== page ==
When in divorce proceedings an order for a transfer of property from joint names to one name is made and there is a mortgage, it is normal for there to be an undertaking for the acquiring spouse to undertake (or promise) to use their best endeavours to obtain the ex’s release from the mortgage and an order made for sale in default. As mortgage lenders become increasingly reluctant to release spouses this issue is one I am frequently asked to advise on. Varying such an undertaking has recently been considered by the Court of Appeal in the case of Birch v Birch 2015 EWCA Civ 833.
Case Summary: Birch
In 2010 the husband (H) and wife (W) resolved their claims for financial relief by way of a consent order which was approved by the court on the 26th July 2010.
In the order the W undertook to discharge the mortgage on the former matrimonial home (FMH) and had to use her best endeavours to secure the release of her H from any liability under the mortgage; or had to secure his release from the mortgage by sale of the property.
Unfortunately W was not able to obtain H’s release. In November 2011 W applied to vary the undertakings so that the husband would only be released from his mortgage when the youngest child attained the age of 18 or completed full time education.
The District Judge who heard the W’s application initially held that an earlier case of Omielan v Omielan 1996 2FLR 306 prevented the court from considering W’s application. The Circuit Judge who heard the first appeal agreed.
W said that this was not an application to vary an order under Section 31 of the Matrimonial Causes Act but rather an application to vary an undertaking to which a more general discretion applied.
W’s barrister argued that the application was in effect an application for an order for sale under Section 24A of the Matrimonial Causes Act 1973 (MCA) to which the power of variation under Section 31(i) and (ii) (f) applied. Thus the court would have to give first consideration to the welfare of the minor children as is required by the MCA. W tried to advance a highly technical argument on the basis that the variation in the Omielan case sought to revise interests which had been acquired by the children when the wife had cohabited with a new partner. W argued that in this case the variation would not affect the beneficial interest all that would alter would be the period for postponing the sale.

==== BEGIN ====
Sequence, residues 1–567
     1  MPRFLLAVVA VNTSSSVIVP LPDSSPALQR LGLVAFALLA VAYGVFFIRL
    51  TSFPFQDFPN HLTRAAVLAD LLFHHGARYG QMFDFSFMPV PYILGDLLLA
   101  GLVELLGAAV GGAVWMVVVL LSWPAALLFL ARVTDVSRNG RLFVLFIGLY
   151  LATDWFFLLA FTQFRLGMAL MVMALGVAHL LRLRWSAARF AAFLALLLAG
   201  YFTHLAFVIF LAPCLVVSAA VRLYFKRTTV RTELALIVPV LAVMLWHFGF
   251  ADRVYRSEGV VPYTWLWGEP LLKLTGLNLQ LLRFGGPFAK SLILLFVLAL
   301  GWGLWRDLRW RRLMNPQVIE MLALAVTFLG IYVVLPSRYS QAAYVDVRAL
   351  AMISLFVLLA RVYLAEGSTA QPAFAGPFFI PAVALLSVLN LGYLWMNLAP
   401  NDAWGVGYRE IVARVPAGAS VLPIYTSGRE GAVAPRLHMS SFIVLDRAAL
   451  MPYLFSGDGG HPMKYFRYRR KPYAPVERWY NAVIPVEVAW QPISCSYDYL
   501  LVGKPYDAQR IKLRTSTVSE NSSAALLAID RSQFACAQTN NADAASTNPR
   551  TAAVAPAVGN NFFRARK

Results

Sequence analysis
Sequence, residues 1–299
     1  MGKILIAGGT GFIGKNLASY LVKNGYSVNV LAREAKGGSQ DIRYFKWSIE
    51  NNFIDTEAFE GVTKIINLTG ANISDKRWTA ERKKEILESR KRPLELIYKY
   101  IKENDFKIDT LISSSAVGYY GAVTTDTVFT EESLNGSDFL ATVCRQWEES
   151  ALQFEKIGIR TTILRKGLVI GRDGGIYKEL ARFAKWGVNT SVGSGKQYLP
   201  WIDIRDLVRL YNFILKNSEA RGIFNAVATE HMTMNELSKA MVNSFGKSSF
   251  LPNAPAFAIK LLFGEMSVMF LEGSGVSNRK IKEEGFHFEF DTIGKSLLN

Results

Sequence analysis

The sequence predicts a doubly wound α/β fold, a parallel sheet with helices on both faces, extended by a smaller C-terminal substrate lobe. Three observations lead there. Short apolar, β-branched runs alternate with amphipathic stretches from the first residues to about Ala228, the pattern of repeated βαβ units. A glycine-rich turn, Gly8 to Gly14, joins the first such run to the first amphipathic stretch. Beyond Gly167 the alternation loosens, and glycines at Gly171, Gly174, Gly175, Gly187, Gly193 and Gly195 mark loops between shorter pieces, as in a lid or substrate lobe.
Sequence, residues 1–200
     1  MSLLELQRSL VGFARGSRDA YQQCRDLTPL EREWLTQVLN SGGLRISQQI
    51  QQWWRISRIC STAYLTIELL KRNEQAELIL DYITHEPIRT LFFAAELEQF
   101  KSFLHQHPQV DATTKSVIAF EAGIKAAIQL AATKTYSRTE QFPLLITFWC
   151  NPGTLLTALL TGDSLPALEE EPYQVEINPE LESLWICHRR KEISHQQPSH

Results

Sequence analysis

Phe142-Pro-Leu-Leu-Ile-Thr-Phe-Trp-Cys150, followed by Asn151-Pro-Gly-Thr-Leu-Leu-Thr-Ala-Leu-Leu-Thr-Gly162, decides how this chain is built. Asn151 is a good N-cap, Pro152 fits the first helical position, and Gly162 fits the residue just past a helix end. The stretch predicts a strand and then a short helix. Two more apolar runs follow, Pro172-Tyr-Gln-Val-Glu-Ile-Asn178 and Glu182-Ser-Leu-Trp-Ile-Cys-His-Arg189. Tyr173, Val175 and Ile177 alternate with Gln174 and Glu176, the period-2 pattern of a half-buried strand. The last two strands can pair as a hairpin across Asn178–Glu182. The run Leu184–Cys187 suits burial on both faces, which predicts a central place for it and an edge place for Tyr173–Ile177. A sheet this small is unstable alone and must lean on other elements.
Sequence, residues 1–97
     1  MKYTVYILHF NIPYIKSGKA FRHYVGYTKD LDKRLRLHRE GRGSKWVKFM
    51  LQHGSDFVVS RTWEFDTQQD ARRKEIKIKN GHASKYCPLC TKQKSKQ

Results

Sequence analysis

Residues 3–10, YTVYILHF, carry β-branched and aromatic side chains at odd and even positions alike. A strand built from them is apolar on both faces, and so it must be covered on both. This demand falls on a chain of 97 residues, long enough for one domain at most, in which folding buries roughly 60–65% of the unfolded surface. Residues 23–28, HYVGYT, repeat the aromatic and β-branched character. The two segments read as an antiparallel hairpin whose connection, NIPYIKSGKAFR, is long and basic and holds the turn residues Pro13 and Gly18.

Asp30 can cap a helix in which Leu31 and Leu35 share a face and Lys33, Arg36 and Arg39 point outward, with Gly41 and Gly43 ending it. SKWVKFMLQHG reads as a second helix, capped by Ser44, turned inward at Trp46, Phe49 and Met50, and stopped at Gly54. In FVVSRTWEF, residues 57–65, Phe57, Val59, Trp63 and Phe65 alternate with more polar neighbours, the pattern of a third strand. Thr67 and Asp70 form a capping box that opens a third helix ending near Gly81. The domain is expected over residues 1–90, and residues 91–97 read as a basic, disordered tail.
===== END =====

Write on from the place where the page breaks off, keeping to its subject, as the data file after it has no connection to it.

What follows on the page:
H’s barrister argued that this argument ignored the fact that the consent order was designed as a final settlement of the parties’ financial claims. The variation sought would be to convert the order into an entirely different type of property adjustment order (that is often known as a Mesher Order) where the power of sale is postponed on the occurrence of certain events, normally the attainment by the children of majority or completion of tertiary education.
McCombe LJ who gave the leading judgment in the Court of Appeal said at para 26, as Thorpe LJ said in Omielan, when capital adjustments have been incorporated into a final order, whether or not by consent, the court has no jurisdiction to “revisit the territory of those adjustments, in the absence of a vitiating factor such as fraud, misrepresentation or material non-disclosure”
What is an undertaking?
The judge drew a distinction between ancillary orders and undertakings. An undertaking is a solemn promise to the court that can be enforced by committal to prison or as if an order had been breached. Undertakings and orders are very different legally and the power of variation is different. The range of orders under the MCA are limited. Undertakings or promises are used where the court does not have power to order something. The Judge did not accept that the undertakings in this case were in effect orders to discharge the mortgage on the FMH and use best endeavours to obtain H’s release could not have been ordered. The undertaking in paragraph 4.4 was not an undertaking equivalent to a section 24(a) order. The Judge went through the circumstances in which a full ancillary relief order may consent can be reviewed by the court.
The judge in Birch went on to consider the circumstances in which whether an undertaking could be varied. This had been considered in an earlier case of L v L 2008 FLR26 and concluded that “the court did not have any general and un-fettered power to adjust a final order – let alone a final consent order – merely because it thinks it is just to do so”.
The judge said that it might be that W would have been able to secure an extension of time in which to make enquiries about a new mortgage and obtain a release. What she could not do was vary the order by the back door. The wife’s appeal was dismissed.
What can I do to avoid this problem?
It is therefore very important that lawyers acting for parties seeking to obtain the other parties’ release advise their clients to make enquiries about whether a release will be possible and obtain a mortgage offer prior to the making of a consent order.